Then an event occurs that causes the Japanese to reconsider the "Gamera is Japan's defender" vibe that got built up in Gamera 2. Two medium-sized Gyaos appear over Tokyo, followed by an enraged Gamera. Gamera lands, and his footfalls shatter concrete and overthrow cars on the busy streets. He disgorges fireball after fireball to destroy the Gyaos, and the blasts that miss blow up populated buildings. The casualty toll of the battle is estimated to be between 15,000 and 20,000 people. This sequence is stunning, and the effect is heightened by an ironic reference to Gamera's friendship with children from the sixties and seventies.

Gotta catch 'em all!
Meanwhile, Ayana's egg, having hatched as a creature named Iris, has grown into quite the monster, and it bonds with her psychically and physically in order to enhance its own development. Anxious to show Gamera who's boss, Ayana puts up no struggle, although she is separated from Iris in a later scene by her newfound boyfriend. Maintaining her psychic link to Iris, Ayana goes along with the creature in her mind's eye as the monster begins terrorizing Japan, looking to pick a fight with our favorite radioactive turtle. But who will Japan side with?

Gamera 3 has many references to trends in Japanese pop culture. The demon in the cave portion is a traditional Japanese storyline, and can be seen in Tenchi Muyo, among other places. The development of Iris is similar to that of a Pokemon ("If I can get Iris to level 35, Gamera will never beat him!"), and we see environmental simulations presented on a Sega Dreamcast game console. Two peripheral characters named Asakura and Kuwata provide those simulations because they are obsessed with some millennial scenario where the Gyaos will cleanse the earth -- which is itself a nod to the current popularity of prophetic and cult based horror films in Japan.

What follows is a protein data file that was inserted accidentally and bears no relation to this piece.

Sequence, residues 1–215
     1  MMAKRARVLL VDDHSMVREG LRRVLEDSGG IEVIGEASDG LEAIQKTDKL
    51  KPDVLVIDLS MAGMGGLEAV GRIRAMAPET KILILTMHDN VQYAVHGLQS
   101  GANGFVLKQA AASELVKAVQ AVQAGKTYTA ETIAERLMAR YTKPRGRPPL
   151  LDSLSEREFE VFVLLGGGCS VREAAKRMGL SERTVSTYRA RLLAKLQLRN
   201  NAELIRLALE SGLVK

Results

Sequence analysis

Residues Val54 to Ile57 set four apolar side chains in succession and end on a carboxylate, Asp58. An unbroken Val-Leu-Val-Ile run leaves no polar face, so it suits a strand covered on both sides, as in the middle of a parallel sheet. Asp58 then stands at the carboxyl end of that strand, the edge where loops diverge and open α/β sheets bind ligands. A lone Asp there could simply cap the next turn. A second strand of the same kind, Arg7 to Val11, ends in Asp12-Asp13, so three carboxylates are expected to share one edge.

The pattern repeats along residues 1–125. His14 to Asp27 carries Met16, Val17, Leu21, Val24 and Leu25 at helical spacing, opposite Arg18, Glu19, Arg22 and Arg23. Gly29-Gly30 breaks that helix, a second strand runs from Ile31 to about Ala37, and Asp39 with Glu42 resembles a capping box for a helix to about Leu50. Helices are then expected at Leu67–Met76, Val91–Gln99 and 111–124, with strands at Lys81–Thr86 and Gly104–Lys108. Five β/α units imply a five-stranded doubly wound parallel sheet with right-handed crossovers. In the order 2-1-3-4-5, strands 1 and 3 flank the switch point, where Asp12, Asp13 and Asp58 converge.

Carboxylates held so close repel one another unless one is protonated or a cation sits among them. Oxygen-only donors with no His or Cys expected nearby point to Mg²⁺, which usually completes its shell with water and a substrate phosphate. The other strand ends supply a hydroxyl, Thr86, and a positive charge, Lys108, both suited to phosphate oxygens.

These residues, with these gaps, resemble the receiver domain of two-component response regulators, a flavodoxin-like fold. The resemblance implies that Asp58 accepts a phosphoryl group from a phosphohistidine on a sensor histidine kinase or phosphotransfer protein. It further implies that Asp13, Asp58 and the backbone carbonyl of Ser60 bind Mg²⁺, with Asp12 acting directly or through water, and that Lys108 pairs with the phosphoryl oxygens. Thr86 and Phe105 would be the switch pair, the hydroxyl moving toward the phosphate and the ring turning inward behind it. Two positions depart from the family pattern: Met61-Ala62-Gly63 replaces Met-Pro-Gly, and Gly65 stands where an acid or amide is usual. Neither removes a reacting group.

We won't tell you how this "plasma fist"
resulted, but we will say we never
thought that Gamera and Ash
would have something in common.
Kudos must be given to Daiei for turning over the Gamera legend to writer/director Shusuke Kaneko, who has turned Gamera's exploits from merely impressive monster fun (Gamera: GOTU) to utterly convincing epic kaiju battles. The construction of Iris is such that the creature looks wholly convincing whether it is presented as a figment of computer imagery or as a full-blown monster suit knocking around a miniature landscape. Gamera himself is given a few new tricks (also computer-aided much of the way), including some incredibly precise aerial combat tactics -- we always wondered why that spinning mode of flight was considered advantageous, and now we know! It's heartening and gratifying to see a classic Japanese monster treated with such respect -- and with such attention to detail.